NON-PROFIT ORGANIZATIONS Golf to Eradicate Cancer/ Huntsman Cancer Institute www.golftoeradicatecancer.org Habitat for Humanity 340 Orem Blvd. Orem, UT 84058 www.habitatuc.org (801) 344-8527
TREATMENT CENTERS Choice Recovery 531 E 770 N Orem, UT 84097 www.choice-recovery.com (385) 309-1515
Project Read 550 N University Ave. Provo, UT 84601 www.projectreadutah.org (801) 852-6654
Advanced Wellness Center 205 N Main St. Spanish Fork, UT 84660 www.gethealthyutah.com (801) 798-2515
Share a Smile www.shareasmile.net (801) 477-6193
InBalance Wellness and Yoga 436 W. 800 N Orem, UT 84097 www.inbalancewellnesscenter.com (801) 691-1090
United Way 148 100 W Provo, UT 84601 www.unitedwayuc.org (801) 374-2588 Wasatch Adaptive Sports 9385 S. Snowbird Center Drive Snowbird, UT 84092 www.wasatchadaptivesports.org (801) 933-2188
EDUCATION UVU 800 W University Pkwy Orem, UT 84058 www.uvu.edu (801) 863-INFO (4636)
Utah Valley Health & Wellness Magazine | January/February 2018 29
Literacy Changing Lives Through
By Nathan Hubert
Think about your life. Consider each of the opportunities that you’ve had in the past, as well as everything you’re involved in right now. Contemplate the years of schooling you’ve gone through, the various jobs you’ve held, and the successes that you’ve experienced. Now ponder this question: how would your life be different if you couldn’t read or write? In a society that is largely built on being able to read and write, it’s difficult to imagine what life would be like without literacy skills. For example, in order to get a job, there is a great deal of writing involved: an applicant must locate a job opening, complete a job application, and write a resume. Then, if an applicant happens to land a job, there’s no telling how much their success in the workplace will depend on their ability to read and write, as it so often does. There are similar difficulties in obtaining a driver’s license, applying for and succeeding in school, enrolling a child in school, going to the doctor, and even going shopping. People who live in Utah Valley – a place known for its educational values and prestigious universities – often don’t realize that illiteracy is as big a problem here as it is in the rest of the world. In fact, there are nearly 30,000 adults who struggle with literacy in Utah County alone. Each of these individuals truly understands what an illiterate life is like, and they chillingly describe it as “terrifying.”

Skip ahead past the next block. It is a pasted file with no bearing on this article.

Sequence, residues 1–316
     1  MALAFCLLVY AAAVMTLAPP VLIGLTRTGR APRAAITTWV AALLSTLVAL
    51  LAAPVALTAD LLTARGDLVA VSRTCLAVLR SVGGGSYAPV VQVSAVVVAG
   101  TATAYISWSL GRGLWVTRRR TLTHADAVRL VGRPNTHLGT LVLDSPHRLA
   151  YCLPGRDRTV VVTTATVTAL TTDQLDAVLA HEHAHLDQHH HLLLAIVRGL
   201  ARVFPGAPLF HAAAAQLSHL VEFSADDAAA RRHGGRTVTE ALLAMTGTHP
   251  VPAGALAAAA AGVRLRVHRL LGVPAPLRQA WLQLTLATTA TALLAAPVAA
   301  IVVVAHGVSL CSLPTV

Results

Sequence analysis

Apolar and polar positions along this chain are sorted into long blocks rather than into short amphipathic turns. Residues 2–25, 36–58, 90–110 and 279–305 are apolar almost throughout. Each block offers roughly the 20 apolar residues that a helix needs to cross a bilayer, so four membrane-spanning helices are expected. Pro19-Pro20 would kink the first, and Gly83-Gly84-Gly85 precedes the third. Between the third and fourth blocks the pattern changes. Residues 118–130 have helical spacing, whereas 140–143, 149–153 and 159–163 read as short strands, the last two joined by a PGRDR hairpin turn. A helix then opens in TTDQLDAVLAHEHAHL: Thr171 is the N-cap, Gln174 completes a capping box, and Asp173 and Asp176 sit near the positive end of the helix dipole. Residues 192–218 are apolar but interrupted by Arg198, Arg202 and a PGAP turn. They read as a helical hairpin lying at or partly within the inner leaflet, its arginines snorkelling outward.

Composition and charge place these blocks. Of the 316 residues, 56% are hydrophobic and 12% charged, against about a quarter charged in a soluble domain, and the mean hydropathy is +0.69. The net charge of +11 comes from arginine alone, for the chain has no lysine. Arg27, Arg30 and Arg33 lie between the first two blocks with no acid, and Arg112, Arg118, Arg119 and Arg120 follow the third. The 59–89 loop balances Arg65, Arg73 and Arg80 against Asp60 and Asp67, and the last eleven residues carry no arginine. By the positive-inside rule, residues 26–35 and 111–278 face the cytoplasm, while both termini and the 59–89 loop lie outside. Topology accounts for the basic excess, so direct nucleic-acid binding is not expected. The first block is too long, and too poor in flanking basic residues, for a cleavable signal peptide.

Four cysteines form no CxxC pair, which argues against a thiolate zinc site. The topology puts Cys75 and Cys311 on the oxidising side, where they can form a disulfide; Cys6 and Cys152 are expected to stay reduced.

Angelica Rowley, a resident of Provo, used to be one of these struggling individuals. In describing her experience, she said: “I felt like I didn’t belong. I always felt inferior and embarrassed. I almost ran away.” Although she did all in her power, Angelica was unable to find reliable employment because she struggled with literacy. Eventually, she was hired to clean houses, but would often get lost on the way to work because she couldn’t read the bus map or schedule. Luckily, Angelica was able to learn about programs in the Provo area that provide literacy classes and one-on-one tutoring for adults in need. She sought out Project Read, an organization that has been serving illiterate adults in Utah County since 1984. She studied closely with her assigned tutor for a few years, gaining the literacy skills that she lacked, and applied her newfound knowledge in order to experience a better life. In the same year that she graduated from Project Read, Angelica graduated with honors from an adult high school and enrolled in college. Later, she found work at a care center, where she was frequently recognized for her excellently-written reports. Angelica was quickly promoted to train the facility’s new employees, and it was through this position that she met and trained the man who would become her husband. At their wedding, Angelica’s maid of honor was her tutor from Project Read. Project Read’s tagline, “Changing Lives Through Literacy,” is a phrase that Angelica takes to heart. “How did literacy change my life? In so many ways! I was able to go to school, feel more confident, and not be scared or embarrassed anymore. I was able to read and write perfectly and not have any problems. I was able to communicate with people and actually marry one of those people.” Angelica and her husband live in Provo with their children, and even though she’s not working outside the home, she’s still able to use her literacy skills. “Sometimes I help [my husband] with his grammar and spelling. He’s like: ‘how do you spell this?’, and I’m grateful to be able to help him.”
About the Author Nathan is an information junkie, a spontaneous adventurer, and a nonprofit advocate. He is currently pursuing public relations and nonprofit management at BYU and works with Project Read to encourage literacy in the community. He lives in Provo with his wife, Sheila, and is hoping this winter won’t be too cold.